It is October and you know what that means: spooky season, yellow and orange leaves, and an Astra Trident release! We are excited to announce that Astra Trident v22.10 is now available for download. This release is packed with functionality and innovation, delivering the features that you have been asking for, including support for stateful Windows workloads, cross-namespace volume access, and more. Let’s dive in.



Stateful Windows workloads with Trident and Azure NetApp Files

Trident’s list of supported protocol grows to include SMB with v22.10. Stateful Windows workloads can now use Trident to provision Azure NetApp Files (ANF) volumes using SMB. Azure NetApp Files supports SMB 2.1 and SMB 3.1. The version of SMB used will be the highest dialect support by the client. Users can now install Trident in Kubernetes clusters that contain both Linux and Windows nodes (Trident’s controller requires that it run on a Linux node). Support for FSx for NetApp ONTAP, Cloud Volumes ONTAP, Cloud Volumes Service Google Cloud Platform, and ONTAP is planned to be delivered in upcoming releases.

SMB is presently qualified with self-managed Azure Directory and community Kubernetes running on Azure VMs, with qualification on AKS planned and underway.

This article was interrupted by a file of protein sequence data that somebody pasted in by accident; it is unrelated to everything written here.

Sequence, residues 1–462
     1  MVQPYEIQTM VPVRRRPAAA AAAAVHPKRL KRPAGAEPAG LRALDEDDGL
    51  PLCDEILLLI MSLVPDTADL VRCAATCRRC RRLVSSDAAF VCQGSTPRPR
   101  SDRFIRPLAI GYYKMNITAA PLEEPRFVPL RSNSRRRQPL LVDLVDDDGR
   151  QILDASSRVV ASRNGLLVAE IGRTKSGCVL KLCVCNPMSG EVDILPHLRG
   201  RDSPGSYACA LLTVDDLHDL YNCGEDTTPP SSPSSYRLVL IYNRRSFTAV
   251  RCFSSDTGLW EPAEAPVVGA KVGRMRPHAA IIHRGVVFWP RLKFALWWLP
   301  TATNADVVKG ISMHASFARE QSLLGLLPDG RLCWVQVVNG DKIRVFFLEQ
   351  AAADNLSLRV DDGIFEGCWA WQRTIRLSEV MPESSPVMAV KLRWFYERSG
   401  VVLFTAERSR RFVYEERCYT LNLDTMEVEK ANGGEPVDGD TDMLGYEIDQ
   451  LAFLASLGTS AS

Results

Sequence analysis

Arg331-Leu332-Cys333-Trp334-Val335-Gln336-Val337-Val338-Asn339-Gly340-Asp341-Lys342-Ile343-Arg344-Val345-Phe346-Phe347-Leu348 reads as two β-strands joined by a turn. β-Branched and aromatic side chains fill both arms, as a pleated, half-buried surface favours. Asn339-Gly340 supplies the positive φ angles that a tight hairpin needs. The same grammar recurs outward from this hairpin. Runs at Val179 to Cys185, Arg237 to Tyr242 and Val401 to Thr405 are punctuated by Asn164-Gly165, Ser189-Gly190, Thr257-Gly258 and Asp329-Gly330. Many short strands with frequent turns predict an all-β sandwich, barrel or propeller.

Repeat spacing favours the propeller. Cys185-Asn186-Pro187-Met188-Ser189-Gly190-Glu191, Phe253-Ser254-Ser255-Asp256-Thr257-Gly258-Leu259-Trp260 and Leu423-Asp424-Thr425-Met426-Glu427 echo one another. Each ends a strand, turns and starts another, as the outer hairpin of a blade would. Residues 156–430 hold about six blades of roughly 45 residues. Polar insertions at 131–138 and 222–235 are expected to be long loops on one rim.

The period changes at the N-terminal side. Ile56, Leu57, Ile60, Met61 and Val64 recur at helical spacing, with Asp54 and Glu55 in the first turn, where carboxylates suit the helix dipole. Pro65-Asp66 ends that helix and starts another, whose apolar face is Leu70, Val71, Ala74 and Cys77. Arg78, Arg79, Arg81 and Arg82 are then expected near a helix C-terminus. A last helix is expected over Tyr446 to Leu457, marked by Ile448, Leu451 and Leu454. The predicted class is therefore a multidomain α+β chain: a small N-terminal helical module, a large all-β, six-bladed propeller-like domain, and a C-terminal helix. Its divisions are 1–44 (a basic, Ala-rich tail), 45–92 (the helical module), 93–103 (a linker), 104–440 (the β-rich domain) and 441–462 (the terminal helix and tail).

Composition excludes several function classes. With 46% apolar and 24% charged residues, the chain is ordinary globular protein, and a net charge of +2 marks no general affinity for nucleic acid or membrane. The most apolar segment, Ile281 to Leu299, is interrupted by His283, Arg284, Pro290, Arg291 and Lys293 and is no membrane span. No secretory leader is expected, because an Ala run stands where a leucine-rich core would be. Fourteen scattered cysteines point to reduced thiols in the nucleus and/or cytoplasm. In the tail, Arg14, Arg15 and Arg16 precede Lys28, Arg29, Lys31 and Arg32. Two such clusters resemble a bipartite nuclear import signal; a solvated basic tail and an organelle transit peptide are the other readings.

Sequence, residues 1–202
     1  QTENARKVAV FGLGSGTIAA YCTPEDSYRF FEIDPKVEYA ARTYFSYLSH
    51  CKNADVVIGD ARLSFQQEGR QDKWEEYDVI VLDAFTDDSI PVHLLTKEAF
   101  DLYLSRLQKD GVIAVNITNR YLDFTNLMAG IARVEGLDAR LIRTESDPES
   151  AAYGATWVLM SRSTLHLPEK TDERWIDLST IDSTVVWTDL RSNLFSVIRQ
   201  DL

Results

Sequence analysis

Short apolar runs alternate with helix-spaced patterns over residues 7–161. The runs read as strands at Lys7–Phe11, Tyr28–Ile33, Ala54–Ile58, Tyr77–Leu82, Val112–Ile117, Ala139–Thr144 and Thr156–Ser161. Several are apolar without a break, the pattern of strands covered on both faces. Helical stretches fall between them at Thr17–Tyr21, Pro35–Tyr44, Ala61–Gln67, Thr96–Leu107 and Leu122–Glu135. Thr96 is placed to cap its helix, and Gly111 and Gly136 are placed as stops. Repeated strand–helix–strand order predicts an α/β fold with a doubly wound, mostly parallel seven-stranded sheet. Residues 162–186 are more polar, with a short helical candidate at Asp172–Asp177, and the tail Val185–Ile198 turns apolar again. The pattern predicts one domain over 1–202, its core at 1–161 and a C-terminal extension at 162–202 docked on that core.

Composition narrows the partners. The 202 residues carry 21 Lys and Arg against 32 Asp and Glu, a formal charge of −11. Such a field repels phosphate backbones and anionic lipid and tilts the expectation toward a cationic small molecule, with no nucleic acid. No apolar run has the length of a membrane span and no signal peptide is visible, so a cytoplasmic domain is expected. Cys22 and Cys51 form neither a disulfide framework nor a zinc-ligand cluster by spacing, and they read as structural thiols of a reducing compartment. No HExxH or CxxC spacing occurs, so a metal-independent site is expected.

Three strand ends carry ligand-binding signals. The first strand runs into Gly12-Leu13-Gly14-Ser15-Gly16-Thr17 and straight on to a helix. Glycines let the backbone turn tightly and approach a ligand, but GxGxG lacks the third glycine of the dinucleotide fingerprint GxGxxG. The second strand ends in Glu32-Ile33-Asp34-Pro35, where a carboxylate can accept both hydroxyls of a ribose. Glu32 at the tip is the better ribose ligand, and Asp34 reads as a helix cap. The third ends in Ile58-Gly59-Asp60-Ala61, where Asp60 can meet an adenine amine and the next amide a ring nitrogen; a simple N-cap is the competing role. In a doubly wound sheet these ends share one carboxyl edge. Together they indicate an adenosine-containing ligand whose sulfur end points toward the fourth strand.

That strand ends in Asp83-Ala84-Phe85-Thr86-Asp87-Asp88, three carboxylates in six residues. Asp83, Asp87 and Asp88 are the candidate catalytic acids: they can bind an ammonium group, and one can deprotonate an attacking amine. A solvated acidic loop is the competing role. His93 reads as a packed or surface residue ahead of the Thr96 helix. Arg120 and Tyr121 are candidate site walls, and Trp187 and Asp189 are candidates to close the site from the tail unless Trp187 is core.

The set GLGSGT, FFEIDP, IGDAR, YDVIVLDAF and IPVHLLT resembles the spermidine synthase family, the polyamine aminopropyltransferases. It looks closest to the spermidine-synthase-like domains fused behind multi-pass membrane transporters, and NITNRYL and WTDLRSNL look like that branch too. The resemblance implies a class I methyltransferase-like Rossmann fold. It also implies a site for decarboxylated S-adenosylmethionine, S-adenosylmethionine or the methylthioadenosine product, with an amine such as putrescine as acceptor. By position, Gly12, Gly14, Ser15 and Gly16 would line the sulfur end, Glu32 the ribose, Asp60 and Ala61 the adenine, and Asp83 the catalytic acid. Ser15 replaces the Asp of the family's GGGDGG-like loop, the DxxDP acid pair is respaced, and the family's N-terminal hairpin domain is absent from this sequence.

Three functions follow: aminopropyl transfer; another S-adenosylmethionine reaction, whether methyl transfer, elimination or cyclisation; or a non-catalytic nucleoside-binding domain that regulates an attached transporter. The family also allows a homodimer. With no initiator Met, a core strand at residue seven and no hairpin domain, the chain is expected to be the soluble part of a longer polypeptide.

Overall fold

Here is how it works:

  • A Kubernetes secret that contains the username (in the format <DOMAIN-NAME.COM>\\<username>) and password must be created.


kubectl create secret generic smb-ad-credential --from-literal username="\\trident" --from-literal password="sdjwengbyvyonbyh" – namespace=app

  • nasType is provided in the associated Trident backend definition and is set to smb. An example ANF backend would look like this: 


         "version": 1,

         "storageDriverName": "azure-netapp-files",

         "subscriptionID": "9f87c765-4774-fake-ae98-a721add45451",

         "tenantID": "68e4f836-edc1-fake-bff9-b2d865ee56cf",

         "clientID": "dd043f63-bf8e-fake-8076-8de91e5713aa",

         "clientSecret": "SECRET",

         "location": "eastus",

         "nasType": "smb",

         "serviceLevel": "Ultra",

         "capacityPools": [






  • A storageClass is created. It contains the name of the secret and the namespace the secret is created in.



 kind: StorageClass


   name: anf-smb



   backendType: "azure-netapp-files" "smb" "smb-ad-credential "app1"

PVCs can then be created using the storageClass.

LUKS encryption for ONTAP block devices

Support for client-side LUKS encryption in this release provides an additional layer of security so that a server-side breakout won’t fully compromise your environment.

Persistent volumes created on ONTAP SAN backends [that use the ontap-san or ontap-san-economy storage drivers] can now be encrypted with Linux Unified Key Setup-on-disk-format (LUKS). LUKS encryption is performed on the block device that is attached to Kubernetes nodes, thus providing client-side encryption.  Worker nodes are required to have cryptsetup installed, running version 2.1 or newer. luksEncryption can be set to true in Trident backend definitions to encrypt disks with LUKS. Refer to the documentation for example storageClasses and backends.